I was shocked to read recently that Tony Award Winner Karen Olivo of In the Heights and West Side Story had decided to leave show business. After many successful years on the Great White Way, she told The Ledger that she moved to Wisconsin and is currently teaching pottery classes.
A lot of my actor friends have forged new life paths as well. Some have become nurses; one is now living in Florida, and others have decided to settle down and have families. Meanwhile, my Facebook news feed currently looks like a virtual tour of a hospital nursery.
Auditioning is like a full-time job – it takes hours out of the day, requires being on call 24/7, and makes it necessary to have a flexible day job to attend last-minute callbacks. I don’t blame anyone for burning out and choosing to move on after a lifetime of typical days like this one…..
The alarm goes off at 5 a.m. I pack my canvas shoulder bag with three changes of pumps and four different dresses, in hopes of hitting every audition listed for the day in Backstage magazine.
I sign up at 6:30 a.m. next to the slot for #127 on an unofficial list. I wait in the heat, cold, rain, or snow, until the building is opened and then herd into an elevator with hoards of girls who look frightening without their makeup (myself included).
I sit on the floor of the holding room in my dress and get trampled by girls who flock to the mirror with their curling irons. I try to ignore the actors who attempt to intimidate everyone by talking LOUDLY about their last cruise ship gig and how they were a STAR.
I wait hours upon hours for my name to be called (which I hopefully won’t miss while I am out getting a latte to stay awake, or while in the bathroom relieving myself of said latte), or I will be placed at the very end of the line.
Finally, I enter the audition room and stand before a table of judgmental faces. I sing my prepared 16 bars of music for the casting directors who hold my fate in their hands. In this 30 seconds of singing, I must make them laugh, cry, and gasp in awe at my full acting arc and power-belting prowess. My efforts are summed up with a simple, “Thank You” or my personal favorite, the possibly condescending turn of phrase, “Good for you!” I receive no feedback, no notice of when I might hear of the casting decisions, and later, through the grapevine, find out that they were only seeking an Asian transsexual midget who excels at aerial dancing and fire breathing.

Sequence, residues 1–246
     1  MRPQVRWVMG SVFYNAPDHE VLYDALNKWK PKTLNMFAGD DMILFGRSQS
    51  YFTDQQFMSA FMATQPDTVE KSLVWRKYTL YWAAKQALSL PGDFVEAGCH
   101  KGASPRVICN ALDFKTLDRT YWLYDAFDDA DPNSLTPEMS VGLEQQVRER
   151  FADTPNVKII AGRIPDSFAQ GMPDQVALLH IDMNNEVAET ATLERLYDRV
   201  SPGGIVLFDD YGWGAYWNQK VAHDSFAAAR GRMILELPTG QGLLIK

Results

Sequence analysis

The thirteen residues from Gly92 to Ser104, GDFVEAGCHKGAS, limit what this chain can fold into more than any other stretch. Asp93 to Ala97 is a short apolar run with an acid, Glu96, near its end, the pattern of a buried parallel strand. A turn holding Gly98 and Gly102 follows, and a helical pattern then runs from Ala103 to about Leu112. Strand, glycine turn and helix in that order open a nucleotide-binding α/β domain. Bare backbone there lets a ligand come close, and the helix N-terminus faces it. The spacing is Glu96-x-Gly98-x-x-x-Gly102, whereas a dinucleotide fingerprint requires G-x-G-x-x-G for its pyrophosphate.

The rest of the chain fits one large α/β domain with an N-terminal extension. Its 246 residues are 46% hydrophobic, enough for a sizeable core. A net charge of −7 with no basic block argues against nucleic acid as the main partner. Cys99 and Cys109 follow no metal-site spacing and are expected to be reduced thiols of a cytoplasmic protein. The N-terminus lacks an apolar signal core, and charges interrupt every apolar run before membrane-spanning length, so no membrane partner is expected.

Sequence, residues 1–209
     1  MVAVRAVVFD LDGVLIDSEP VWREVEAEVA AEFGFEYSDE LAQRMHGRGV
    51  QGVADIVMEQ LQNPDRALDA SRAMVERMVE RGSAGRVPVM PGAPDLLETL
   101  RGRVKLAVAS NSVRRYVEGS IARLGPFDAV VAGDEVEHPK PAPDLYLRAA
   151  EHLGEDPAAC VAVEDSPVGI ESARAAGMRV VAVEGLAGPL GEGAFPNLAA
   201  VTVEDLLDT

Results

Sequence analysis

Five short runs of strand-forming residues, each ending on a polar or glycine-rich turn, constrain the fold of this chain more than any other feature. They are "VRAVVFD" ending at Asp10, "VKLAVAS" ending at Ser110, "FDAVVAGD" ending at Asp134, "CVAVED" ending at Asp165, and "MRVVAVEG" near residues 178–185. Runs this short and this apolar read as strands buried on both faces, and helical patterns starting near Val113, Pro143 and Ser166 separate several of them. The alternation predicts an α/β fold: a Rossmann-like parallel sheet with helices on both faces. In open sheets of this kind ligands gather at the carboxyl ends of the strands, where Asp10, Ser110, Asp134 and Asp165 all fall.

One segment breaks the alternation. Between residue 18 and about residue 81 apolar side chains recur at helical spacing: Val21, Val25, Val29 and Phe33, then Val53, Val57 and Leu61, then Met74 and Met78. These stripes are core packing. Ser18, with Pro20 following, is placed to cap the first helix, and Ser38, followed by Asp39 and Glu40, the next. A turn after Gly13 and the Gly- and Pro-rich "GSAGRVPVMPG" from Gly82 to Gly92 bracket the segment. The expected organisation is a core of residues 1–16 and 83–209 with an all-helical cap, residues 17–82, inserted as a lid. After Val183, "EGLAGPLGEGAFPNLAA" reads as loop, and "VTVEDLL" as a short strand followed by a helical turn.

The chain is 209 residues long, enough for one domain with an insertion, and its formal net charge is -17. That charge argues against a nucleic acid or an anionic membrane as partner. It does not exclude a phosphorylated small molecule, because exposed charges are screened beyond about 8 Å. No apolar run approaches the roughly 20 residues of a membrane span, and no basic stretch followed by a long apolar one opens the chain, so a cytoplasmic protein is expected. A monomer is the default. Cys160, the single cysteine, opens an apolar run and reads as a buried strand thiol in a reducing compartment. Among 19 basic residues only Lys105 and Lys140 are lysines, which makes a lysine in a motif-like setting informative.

Actors do this daily. Wash, rinse, repeat. We put our hearts on the line, make ourselves raw and vulnerable, until rejection becomes as normal to our daily routine as riding the subway.
Why do we subject ourselves to this madness? Because suddenly, the phone rings and a voice on the other end says, “You got the part!” For me, that new job offer provides the same thrill as finding Wonka’s Golden Ticket inside of the chocolate wrapper. After thousands of tries, the prize is finally in my hands.
Perhaps the call was an offer for a three-month tour around the country that leaves immediately. I get to quit my day job, pack my bags, jump into daily rehearsals from 10 to 6, and embark on new adventures. I visit exciting cities on the company’s dime, make mischief, earn a paycheck, enlighten the lives of others, forge new families with new friends, and above all, create art. To my friends who have married, relocated, and are exploring other avenues in hopes of drowning out the ticking biological clock, I wish you all the love and happiness in the world. I admire your ability to find fulfillment outside the spotlight.
However, my happiness still comes from being on stage, and I will continue to pursue that dream full speed ahead. I am a free spirit who is not tied down to anyone or anything (except my cat, of course), and I enjoy taking off at a moment’s notice whenever an opportunity knocks. The only clock I hear ticking is my alarm clock, waking me up for another audition – another chance to do what I love most.
Sometimes I wonder where a more traditional path might have led me, but I always come back to the same conclusion: I wouldn’t have it any other way.